New Book: Science Education in the Early Roman Empire

Cover of Richard Carrier's book Science Education in the Early Roman Empire, color scheme dark blues and greys, showing a 19th century print of the star field with labeled constellations featuring drawings of the mythical beings matching them, and an edge of a diagram of the planetary spheres.My new book is now available for pre-order! Science Education in the Early Roman Empire will hit the presses in October. But you can already order the print edition in advance on Amazon. Electronic editions will be available (probably before the end of the year). And an audio edition is contracted (I just don’t know yet when it will be completed).

The gorgeous cover art is thanks to Alex Gabriel.

This represents the first of two books that will be generated from my Columbia University dissertation in 2008. The official description says it all:

How much science were ancient Romans taught? What about math? What kind of math or science, and at which levels of education? How were scientists themselves educated? And what other avenues were there for the public, even the illiterate public, to learn scientific knowledge? How much science entered pop culture? Cities had public speeches and lectures, libraries, and teachers and professors in the sciences and the humanities, some even subsidized by the state. There even existed something equivalent to universities, and medical and engineering schools. What were they like? What did they teach? Who got to attend them? In the first treatment of this subject ever published, Dr. Richard Carrier answers all these questions and more, describing the entire education system of the early Roman Empire, with a unique emphasis on the quality and quantity of its science content. He also compares pagan attitudes toward their system of education with the very different attitudes of ancient Jews and Christians, finding stark contrasts between them that would set the stage for the coming dark ages.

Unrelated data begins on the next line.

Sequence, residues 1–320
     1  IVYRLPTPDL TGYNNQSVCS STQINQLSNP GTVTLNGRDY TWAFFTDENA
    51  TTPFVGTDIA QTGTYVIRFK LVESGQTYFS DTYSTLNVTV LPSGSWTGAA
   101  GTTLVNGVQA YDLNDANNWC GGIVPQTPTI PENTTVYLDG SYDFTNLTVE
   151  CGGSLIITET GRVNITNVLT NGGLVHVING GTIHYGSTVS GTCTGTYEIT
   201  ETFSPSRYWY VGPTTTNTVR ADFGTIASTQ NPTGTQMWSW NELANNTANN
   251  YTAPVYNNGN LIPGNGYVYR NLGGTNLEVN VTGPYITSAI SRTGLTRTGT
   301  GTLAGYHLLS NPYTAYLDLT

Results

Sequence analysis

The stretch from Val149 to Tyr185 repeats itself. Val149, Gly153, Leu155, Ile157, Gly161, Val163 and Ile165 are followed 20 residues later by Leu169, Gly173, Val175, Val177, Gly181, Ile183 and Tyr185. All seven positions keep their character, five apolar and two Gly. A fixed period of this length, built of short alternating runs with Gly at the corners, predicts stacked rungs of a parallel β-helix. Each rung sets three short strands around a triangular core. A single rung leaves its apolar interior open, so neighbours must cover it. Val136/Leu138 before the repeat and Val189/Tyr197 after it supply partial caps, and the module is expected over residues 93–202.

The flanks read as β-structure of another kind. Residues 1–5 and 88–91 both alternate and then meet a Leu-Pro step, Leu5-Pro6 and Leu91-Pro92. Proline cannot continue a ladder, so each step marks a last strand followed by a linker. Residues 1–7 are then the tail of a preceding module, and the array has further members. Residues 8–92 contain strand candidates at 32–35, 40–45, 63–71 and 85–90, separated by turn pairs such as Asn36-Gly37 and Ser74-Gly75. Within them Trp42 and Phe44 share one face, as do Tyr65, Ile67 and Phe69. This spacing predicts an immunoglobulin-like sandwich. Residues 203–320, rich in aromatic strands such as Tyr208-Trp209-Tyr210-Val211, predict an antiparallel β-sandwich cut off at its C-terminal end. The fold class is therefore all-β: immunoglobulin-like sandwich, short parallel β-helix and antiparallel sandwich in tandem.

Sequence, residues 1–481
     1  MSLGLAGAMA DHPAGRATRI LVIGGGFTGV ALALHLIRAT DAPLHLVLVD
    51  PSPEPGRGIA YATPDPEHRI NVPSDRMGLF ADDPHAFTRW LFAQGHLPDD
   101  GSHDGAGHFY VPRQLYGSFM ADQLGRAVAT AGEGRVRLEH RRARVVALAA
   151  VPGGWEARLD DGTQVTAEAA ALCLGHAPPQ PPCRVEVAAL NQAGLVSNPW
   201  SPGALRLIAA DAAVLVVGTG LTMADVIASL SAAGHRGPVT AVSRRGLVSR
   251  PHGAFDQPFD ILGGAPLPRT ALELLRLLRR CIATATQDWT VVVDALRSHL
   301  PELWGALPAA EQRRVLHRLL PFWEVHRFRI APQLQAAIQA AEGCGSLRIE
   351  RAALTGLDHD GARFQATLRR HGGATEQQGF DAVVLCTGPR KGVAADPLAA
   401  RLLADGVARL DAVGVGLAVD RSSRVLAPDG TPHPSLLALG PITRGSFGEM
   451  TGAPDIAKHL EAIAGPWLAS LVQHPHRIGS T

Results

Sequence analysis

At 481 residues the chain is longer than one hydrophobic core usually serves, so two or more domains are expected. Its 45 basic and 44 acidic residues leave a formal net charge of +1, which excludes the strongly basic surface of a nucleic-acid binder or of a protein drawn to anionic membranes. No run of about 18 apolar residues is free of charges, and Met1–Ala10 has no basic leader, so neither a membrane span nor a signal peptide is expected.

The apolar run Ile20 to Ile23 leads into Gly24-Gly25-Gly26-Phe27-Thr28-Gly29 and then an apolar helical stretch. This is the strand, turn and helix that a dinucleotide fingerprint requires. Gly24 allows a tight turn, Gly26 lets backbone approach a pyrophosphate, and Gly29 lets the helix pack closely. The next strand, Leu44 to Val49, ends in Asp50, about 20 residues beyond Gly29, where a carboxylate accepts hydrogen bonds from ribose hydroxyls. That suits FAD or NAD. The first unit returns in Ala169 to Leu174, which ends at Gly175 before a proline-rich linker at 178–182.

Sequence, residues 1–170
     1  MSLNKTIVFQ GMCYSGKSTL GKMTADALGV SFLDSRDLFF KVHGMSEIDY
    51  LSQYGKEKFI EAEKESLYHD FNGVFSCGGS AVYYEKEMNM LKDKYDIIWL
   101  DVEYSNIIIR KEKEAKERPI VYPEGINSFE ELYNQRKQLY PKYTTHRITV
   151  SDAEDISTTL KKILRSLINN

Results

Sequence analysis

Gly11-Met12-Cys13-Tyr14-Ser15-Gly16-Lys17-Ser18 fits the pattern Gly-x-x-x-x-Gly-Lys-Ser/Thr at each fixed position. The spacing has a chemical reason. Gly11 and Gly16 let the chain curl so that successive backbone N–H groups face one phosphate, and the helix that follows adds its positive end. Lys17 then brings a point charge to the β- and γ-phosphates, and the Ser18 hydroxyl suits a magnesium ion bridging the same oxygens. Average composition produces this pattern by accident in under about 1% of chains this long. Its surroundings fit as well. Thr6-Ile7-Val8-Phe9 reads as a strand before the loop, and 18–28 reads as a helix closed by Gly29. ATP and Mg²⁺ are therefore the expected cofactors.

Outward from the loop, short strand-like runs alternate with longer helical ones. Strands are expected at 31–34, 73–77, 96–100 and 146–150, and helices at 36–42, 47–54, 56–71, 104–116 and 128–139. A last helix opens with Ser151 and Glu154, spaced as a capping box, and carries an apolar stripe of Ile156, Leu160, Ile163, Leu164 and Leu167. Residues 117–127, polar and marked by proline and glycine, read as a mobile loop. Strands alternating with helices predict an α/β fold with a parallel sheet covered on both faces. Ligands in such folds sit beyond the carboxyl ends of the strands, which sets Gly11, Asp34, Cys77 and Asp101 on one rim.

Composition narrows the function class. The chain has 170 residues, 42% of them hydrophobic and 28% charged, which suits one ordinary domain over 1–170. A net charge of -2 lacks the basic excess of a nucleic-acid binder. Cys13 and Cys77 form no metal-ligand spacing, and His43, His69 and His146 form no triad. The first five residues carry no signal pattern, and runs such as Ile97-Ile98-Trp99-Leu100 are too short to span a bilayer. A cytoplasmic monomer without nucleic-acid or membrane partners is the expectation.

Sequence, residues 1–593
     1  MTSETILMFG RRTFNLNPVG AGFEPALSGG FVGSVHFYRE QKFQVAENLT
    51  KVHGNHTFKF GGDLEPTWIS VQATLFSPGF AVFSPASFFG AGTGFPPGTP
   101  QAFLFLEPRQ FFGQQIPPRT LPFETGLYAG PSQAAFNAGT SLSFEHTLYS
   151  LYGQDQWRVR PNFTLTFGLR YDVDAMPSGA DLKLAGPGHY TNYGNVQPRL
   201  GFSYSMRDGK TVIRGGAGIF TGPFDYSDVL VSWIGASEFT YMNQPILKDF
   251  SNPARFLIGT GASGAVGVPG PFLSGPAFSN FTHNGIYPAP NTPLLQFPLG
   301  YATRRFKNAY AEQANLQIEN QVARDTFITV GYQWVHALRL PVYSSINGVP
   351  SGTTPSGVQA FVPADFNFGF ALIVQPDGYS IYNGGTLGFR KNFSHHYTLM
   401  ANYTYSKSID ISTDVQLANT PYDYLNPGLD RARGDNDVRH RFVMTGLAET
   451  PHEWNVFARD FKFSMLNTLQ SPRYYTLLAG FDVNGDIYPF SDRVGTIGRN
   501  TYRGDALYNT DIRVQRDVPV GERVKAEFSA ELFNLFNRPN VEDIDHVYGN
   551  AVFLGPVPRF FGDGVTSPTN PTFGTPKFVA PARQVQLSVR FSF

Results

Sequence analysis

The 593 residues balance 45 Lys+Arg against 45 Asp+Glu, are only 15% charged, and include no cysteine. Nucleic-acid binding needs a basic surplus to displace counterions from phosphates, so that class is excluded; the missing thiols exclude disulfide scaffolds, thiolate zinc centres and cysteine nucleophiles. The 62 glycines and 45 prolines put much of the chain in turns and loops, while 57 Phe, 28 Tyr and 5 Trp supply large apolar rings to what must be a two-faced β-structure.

My next book of this pair with be on The Scientist in the Early Roman Empire, and it will defer to this book on all questions regarding the education of scientists and the public dissemination of scientific knowledge. So the two will go together.